BTI Systems offers Dynamic Optical Layer for metro networks

BTI Systems has introduced what it calls “Dynamic Optical Layer” capabilities for its existing BTI 7000 Series packet optical networking platforms and BTI 700 Series Carrier Ethernet platforms. The new capabilities, contained in a set of line cards, are designed to automate much of the process involved in provisioning and turning up new optical network services.

BTI Systems has introduced what it calls “Dynamic Optical Layer” capabilities for its existing BTI 7000 Series packet optical networking platforms and BTI 700 Series Carrier Ethernet platforms. The new capabilities, contained in a set of line cards, are designed to automate much of the process involved in provisioning and turning up new optical network services.

The Dynamic Optical Layer features are a response to customer requests to “take the physics” out of delivering new services, say BTI Systems’ Vice President of Marketing Glenn Thurston and Vice President of Solutions Development Robert Keys. The new capabilities take the form of a new ROADM-on-a-blade card and an equally new DWDM line amplifier card. New service provision then becomes a matter of putting the right kind of card in each node -- if the node is expected to add or drop wavelengths, it gets a ROADM card; otherwise, it gets an amplifer card, according to Keys – and then use the proNX Service Manager provisioning tool to input the type of service and the wavelength on which the service will ride. The BTI Systems platforms will do the rest, including auto-discovery and power balancing. The provisioning system will even suggest a wavelength, Keys says.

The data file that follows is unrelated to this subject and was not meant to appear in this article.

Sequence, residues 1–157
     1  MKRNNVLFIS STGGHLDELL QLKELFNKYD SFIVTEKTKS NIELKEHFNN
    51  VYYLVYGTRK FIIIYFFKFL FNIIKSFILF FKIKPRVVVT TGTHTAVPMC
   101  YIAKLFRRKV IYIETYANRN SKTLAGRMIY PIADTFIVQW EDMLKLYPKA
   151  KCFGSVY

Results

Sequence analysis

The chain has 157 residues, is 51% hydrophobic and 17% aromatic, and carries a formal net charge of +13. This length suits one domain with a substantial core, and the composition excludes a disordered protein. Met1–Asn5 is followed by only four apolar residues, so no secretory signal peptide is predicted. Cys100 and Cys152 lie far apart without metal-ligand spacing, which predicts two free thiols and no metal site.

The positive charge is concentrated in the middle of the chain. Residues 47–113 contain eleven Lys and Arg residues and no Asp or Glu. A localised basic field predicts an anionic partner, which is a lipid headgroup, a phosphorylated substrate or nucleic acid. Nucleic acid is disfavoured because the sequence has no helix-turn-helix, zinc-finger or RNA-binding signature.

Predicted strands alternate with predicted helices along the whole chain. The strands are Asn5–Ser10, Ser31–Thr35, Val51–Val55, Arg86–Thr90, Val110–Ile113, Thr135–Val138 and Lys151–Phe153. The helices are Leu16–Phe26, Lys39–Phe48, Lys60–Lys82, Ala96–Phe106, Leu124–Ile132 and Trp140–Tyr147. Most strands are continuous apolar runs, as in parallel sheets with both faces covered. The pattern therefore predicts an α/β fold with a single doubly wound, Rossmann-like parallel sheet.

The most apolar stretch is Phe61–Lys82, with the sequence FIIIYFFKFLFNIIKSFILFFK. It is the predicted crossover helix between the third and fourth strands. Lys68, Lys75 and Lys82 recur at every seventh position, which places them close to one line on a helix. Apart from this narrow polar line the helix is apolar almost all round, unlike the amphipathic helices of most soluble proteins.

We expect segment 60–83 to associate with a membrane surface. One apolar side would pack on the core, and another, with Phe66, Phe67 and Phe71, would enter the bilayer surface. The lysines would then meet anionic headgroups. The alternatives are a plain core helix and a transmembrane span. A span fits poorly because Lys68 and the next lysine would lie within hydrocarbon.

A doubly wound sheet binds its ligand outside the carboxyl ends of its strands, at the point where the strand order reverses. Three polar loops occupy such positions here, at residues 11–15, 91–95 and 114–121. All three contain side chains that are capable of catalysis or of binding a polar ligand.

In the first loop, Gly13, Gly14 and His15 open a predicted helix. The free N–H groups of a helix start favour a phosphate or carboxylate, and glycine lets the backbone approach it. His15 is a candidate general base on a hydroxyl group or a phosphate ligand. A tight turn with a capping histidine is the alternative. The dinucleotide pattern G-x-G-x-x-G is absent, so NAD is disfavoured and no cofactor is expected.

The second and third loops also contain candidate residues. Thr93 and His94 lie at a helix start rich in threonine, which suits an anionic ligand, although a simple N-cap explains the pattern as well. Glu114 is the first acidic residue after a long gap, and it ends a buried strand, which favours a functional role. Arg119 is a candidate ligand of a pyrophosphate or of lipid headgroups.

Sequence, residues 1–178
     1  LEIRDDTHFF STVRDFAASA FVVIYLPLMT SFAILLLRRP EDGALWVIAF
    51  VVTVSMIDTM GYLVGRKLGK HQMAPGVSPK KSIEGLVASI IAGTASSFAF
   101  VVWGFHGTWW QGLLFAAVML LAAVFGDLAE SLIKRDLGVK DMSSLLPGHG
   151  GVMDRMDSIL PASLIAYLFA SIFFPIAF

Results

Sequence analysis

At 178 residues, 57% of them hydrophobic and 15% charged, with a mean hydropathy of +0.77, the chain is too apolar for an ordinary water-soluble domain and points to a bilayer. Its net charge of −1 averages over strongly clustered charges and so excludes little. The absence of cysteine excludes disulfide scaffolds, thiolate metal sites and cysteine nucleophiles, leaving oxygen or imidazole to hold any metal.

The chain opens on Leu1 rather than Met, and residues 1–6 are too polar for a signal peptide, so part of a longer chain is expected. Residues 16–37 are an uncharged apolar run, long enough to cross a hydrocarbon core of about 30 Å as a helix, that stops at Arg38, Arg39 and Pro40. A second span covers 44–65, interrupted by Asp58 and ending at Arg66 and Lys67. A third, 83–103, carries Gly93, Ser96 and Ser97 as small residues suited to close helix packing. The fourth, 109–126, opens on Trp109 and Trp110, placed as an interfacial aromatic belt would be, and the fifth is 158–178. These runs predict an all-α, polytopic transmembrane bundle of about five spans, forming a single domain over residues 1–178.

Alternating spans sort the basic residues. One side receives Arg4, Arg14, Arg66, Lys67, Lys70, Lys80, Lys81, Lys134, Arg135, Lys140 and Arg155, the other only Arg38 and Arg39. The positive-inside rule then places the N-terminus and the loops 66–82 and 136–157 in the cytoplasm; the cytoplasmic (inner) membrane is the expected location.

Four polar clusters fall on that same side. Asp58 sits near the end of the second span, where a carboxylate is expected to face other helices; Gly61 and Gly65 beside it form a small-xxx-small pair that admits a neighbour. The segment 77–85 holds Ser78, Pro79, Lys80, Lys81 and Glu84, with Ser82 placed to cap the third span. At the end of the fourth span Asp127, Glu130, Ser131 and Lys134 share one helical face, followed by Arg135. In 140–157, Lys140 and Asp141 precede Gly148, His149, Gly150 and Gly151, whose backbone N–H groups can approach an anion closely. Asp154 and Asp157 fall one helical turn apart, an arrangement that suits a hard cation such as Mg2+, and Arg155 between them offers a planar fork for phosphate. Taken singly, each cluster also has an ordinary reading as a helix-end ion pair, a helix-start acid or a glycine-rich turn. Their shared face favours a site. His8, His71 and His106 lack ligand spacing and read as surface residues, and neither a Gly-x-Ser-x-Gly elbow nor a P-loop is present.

The platforms also provide per-channel performance monitoring.

The new capabilities represent BTI Systems’ first commercial deployment of gridless ROADM capabilities. This feature enables the Dynamic Optical Layer functions to handle data rates of 100 Gbps and higher, providing a high degree of future-proofing, the BTI Systems sources say. The company is using what it calls a “continuous spectrum based WSS [wavelength-selective switch]” to enable this feature.

The result is extremely rapid, cost-effective service turn up across 40 channels, Thurston and Keys say. The ability to meet this goal has been verified in customer deployments, they say.

"Network operators want to lower the cost and improve the flexibility of their networks to address unanticipated growth and opportunities,” said Andrew Schmitt, directing analyst, optical for Infonetics Research. “ROADM-based optical networks eliminate unnecessary electronics and can be remotely reconfigured, reducing both capex and opex. This is the fastest-growing segment of the optical market, and easier-to-deploy ROADM equipment such as BTI Systems' are well suited to increasing the size of the market this technology can reach."

Thurston and Keys say the new features will prove particularly useful in mobile backhaul, Ethernet services delivery, cloud service delivery, and packet optical transport network applications. The Dynamic Optical Layer cards are commercially available.

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